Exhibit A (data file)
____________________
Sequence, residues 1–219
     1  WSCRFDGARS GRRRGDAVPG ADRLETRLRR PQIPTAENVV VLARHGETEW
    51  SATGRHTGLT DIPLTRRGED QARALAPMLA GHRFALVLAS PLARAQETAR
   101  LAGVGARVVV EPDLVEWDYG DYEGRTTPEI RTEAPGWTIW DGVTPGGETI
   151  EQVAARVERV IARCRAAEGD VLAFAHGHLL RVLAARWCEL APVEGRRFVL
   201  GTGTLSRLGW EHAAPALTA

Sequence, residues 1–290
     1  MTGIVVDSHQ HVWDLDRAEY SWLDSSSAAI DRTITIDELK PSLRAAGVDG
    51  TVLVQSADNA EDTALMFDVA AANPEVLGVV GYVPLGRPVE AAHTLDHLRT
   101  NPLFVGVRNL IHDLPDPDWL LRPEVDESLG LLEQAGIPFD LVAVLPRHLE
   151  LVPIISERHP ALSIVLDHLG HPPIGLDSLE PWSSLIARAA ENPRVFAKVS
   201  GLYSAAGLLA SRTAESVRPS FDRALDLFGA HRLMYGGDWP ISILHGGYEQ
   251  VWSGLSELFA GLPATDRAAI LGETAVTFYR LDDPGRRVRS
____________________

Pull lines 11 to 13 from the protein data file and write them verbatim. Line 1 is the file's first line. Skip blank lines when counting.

   151  LVPIISERHP ALSIVLDHLG HPPIGLDSLE PWSSLIARAA ENPRVFAKVS
   201  GLYSAAGLLA SRTAESVRPS FDRALDLFGA HRLMYGGDWP ISILHGGYEQ
   251  VWSGLSELFA GLPATDRAAI LGETAVTFYR LDDPGRRVRS